The Pension Transition Arrangement Directorate has given reason why thousands of workers of the defunct Nigerian National Shipping Line (NNSL) are yet to be enrolled into the Defined Benefits Scheme for the purpose of getting their pension as their counterparts in similar agencies.
The Executive Secretary of PTAD, Barr. Sharon Ikeazor, in a statement made available to newsmen in Abuja said the delay in computing the pension of the NNSL ex-workers was due to non-verification of the salary structure of the defunct agency many months after it got presidential approval to enroll the former workers.
Ikeazor said there was no deliberate attempt to delay or deny the workers of the former shipping line their dues, adding that it was working round the clock to clear all obstacles against the settlement of their pay.
The PTAD boss pointed out that having successfully verified and settled the pension of 16,873 pensioners of seven other defunct privatized agencies, there was no reason not to capture and pay those of NNSL and others still outstanding.
“In the case of NNSL, the approval for enrolment was received in April 2018, several months after the first set of agencies was approved. The Directorate’s pre-verification exercise for pensioners is a long and painstaking inter-ministerial process that requires the collection of data and digitization of documents.
“Most significantly, it requires getting the authentic salary structure of the agency concerned, which in the case of NNSL was not an easy feat. When PTAD eventually got a response in that regard from the Federal Ministry of Transport, representatives of the Union, whom the Directorate had been actively engaging with all along, declared the document incomplete, saying that it did not include the salary structure of its seamen, though PTAD is yet to receive any formal information from Federal Ministry of Transport regarding that allusion,” Ikeazor said.
The PTAD statement followed claims by the representatives of the former NNSL workers that the agency had deliberately delayed their enrolment into the Defined Benefit Scheme (DBS), thereby frustrating the payment of their N3 billion pension arrears.
The agency claimed the allegation as incorrect, adding that the issue of enrolling pensioners of defunct/privatized agencies was part of President Muhammadu Buhari administration’s commitment towards lifting pensioners.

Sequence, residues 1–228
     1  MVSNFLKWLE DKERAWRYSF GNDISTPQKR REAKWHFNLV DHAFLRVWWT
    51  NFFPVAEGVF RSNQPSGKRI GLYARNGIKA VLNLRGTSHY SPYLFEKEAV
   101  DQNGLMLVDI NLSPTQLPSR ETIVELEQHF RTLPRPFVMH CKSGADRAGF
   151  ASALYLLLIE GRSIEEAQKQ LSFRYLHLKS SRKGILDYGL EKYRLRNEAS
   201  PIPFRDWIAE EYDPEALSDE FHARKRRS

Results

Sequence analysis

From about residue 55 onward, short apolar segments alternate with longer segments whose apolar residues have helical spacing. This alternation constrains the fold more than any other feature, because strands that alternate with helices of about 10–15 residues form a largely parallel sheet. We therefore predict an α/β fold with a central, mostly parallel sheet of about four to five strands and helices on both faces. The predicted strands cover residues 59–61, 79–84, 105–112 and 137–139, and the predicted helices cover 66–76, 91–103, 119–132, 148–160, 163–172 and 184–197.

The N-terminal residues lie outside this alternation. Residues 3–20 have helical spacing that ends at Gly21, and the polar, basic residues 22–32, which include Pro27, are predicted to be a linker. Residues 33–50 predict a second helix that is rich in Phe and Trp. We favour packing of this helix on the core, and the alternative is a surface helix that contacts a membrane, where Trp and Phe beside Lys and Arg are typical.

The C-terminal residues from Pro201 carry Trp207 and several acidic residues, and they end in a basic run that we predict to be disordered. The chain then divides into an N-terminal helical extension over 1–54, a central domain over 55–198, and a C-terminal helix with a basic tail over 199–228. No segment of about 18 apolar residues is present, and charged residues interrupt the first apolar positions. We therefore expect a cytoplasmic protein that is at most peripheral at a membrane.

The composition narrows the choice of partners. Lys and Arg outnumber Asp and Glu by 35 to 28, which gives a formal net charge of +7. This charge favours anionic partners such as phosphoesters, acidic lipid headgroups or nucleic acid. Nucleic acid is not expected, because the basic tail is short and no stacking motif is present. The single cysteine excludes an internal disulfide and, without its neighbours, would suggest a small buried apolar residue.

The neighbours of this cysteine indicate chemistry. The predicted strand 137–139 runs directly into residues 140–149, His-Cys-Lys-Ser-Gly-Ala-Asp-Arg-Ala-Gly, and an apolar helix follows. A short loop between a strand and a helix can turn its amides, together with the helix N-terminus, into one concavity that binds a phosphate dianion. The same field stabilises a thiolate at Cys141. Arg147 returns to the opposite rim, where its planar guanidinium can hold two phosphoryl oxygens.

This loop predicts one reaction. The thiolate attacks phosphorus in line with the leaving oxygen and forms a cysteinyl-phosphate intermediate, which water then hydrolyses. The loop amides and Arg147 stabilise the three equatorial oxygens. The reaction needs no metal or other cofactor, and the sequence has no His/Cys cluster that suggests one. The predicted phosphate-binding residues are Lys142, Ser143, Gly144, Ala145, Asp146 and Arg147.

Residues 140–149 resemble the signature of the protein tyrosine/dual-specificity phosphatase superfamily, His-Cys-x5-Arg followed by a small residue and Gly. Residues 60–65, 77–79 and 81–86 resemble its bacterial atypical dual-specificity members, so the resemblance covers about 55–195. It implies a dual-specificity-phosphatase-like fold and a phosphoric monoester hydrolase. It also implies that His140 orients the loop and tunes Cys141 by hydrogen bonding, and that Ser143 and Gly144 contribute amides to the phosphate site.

“This policy saw to the enrolment of pensioners of Delta Steel Company, Nicon Insurance, Nigeria Reinsurance, New Nigerian Newspapers and NITEL/MTEL, all agencies that were either privatized or liquidated by previous governments without contingency safety nets for the thousands of their hardworking Nigerian employees.
“Plans are already at advanced stages towards the verification and subsequent enrolment of qualified ex-workers of Savannah Sugar Company, Aluminum Smelter Company, NNSL and others as approved by the HMF.
“It is important to state that, the Directorate has to date, verified and put on monthly pension payroll, a total of 16,873 pensioners of the following seven (7) defunct/privatized agencies, and this is not including a total of 759 next of kins of deceased pensioners of these defunct agencies that had equally been paid their departed breadwinner’s final entitlements as follows:
‘‘NITEL/MTEL 10,801, Delta Steel Company 3,593, NICON Insurance 949, Nigeria Reinsurance 292, New Nigeria Newspapers 507, Nigerian Defense Academy (Civilians) 79, Federal Housing Authority 652.
“Therefore, contrary to the unfortunate statement ascribed to certain representatives of ex-workers of NNSL, preparation for the verification of all treasury funded parastatals, including NNSL, has been completed and the exercise will commence shortly across the country. The program schedule will also be released by the Directorate soon.
“We therefore assure all pensioners that are yet to be verified that succour will soon come their way in conformity with the President’s commitment to improve the welfare of all Nigerians pensioners, especially those neglected by previous administrations,” PTAD added.